The year is 1567 and Marie de Mezieres (Melanie Thierry) is a stunningly beautiful young woman with a free-flowing laugh, intelligence, spunk, and a yearning for sexual pleasure. Although she has been promised to another, her father succumbs to some bribery by the formidable and incredibly wealthy Duc de Montpensier (Michel Vuillermoz) and arranges for her to marry his shy and civil son Philippe (Gregoire Leprince Ringuet). When the feisty young woman refuses, her mother counsels her to submit and get used to the idea of obedience to men. Unbeknownst to her family, she is in love with her handsome cousin Henri de Guise (Gaspard Ulliel). Each tender embrace instills within her a yearning to be with him. But Marie knows that she must marry Philippe and learn to love him since he seems to be quite a decent fellow.
In one of the oddest and revealing scenes in this screen adaptation of one of the earliest psychological novels (1662) written by Madame de La Fayette, Marie and Philippe are joined in their bedroom by members of both families eager to learn whether she is a virgin. She passes the test and handles this intrusion of privacy quite well.
When Philippe is called back to the unrelenting civil war between the Catholics and the Protestants, he leaves his wife in the capable hands of the Comte de Chabannes (Lambert Wilson), his former mentor and close friend. This scholarly man has given up on war and refuses to fight for either side in the religious conflict. He not only is a man of principle and conscience but he knows something about almost everything. In Marie's presence almost every day, he is smitten by her beauty and vibrancy, especially her enthusiasm as he teaches her astronomy and much more. It is painful to him when he discovers the depth of feeling she has for Henri de Guise, a violent warrior with two scars on his face from battles. When Duc d'Anjou (Raphael Personnaz), the future King Henri III, meets Marie, he is mesmerized by her radiance and lavishes praise upon her.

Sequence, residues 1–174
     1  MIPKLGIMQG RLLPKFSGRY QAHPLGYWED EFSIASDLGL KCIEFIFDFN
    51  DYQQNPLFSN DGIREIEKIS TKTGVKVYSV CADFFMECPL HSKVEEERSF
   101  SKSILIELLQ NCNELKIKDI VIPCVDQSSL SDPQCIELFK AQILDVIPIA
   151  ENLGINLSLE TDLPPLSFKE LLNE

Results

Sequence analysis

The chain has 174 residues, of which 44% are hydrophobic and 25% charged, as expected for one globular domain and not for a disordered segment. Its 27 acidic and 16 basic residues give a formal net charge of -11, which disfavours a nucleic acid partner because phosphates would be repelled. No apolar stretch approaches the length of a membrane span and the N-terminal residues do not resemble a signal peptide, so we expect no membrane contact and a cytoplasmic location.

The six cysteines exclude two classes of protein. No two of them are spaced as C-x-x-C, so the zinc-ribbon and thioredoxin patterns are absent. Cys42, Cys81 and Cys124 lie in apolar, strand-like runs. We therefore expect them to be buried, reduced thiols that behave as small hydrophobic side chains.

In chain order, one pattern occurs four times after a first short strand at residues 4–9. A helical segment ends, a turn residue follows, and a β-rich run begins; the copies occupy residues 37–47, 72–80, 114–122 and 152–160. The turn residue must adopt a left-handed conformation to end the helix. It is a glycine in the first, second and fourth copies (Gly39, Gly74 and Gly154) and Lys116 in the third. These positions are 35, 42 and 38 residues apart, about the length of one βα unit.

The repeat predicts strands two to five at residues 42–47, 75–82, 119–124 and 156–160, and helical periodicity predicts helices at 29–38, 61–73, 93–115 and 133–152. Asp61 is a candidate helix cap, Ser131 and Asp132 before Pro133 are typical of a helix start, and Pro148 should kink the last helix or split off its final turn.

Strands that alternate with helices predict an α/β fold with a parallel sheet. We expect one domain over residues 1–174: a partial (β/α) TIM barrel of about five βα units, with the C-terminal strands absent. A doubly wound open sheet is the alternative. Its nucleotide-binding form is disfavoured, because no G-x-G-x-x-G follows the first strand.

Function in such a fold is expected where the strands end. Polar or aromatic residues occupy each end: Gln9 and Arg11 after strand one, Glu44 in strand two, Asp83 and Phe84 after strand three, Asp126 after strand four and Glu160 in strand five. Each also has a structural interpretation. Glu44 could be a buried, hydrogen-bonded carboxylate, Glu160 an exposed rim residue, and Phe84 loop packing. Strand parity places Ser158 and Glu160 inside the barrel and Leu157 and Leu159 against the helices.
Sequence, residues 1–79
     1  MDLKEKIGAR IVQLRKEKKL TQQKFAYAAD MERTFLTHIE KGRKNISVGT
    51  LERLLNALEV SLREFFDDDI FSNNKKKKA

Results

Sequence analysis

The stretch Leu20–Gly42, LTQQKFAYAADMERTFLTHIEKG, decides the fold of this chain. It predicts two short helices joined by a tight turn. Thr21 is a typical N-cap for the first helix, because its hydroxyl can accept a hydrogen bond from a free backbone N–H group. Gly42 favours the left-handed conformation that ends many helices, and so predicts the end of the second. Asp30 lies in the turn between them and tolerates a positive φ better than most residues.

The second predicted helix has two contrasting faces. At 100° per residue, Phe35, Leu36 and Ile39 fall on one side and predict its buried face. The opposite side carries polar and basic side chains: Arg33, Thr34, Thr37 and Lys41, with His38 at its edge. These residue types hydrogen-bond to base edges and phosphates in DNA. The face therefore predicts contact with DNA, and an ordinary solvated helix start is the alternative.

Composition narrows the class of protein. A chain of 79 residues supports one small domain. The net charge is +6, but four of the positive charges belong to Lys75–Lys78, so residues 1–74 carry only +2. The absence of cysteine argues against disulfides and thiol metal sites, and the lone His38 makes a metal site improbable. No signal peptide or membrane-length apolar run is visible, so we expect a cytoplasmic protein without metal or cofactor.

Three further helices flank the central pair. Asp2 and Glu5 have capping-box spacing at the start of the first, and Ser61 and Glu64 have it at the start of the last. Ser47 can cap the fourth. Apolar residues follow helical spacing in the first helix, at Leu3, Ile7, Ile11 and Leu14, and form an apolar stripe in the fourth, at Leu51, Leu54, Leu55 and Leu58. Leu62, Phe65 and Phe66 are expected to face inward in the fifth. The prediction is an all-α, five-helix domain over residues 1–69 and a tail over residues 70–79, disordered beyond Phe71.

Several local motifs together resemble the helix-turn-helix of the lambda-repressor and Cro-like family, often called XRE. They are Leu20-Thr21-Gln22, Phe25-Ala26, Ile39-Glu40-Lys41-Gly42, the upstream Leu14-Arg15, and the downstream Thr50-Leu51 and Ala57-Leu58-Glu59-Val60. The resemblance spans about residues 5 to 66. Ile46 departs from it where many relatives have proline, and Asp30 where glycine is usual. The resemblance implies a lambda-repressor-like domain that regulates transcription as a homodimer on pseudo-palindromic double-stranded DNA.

Co-writer and director Bertrand Tavernier is a master storyteller and mood-maker. Here he sets Maria as the center around which four men orbit. In the third section of the drama, Philippe succumbs to a nasty case of jealousy after finding out that his wife still harbors feelings for Henri de Guise and may, in fact, be secretly seeing him.
B. Alan Wallace, a Buddhist writer, calls jealousy "a wicked little mutant" comprised of equal parts of hostility and attachment. It says "I can't stand that you have this and I want it. Jealousy punches with one hand and pulls with the other simultaneously." It is sad to watch Philippe being eaten alive by anger and paranoia.
The Princess of Montpensier captures and conveys the pain and the exhilarations that passion and deep feeling inspire in lovers. The film also explores in a spiritually literate way the lure of beauty and the uncanny power it has over people.
Screened at The Rendez-Vous with French Cinema 2011 of the Film Society of Lincoln Center and Unifrance.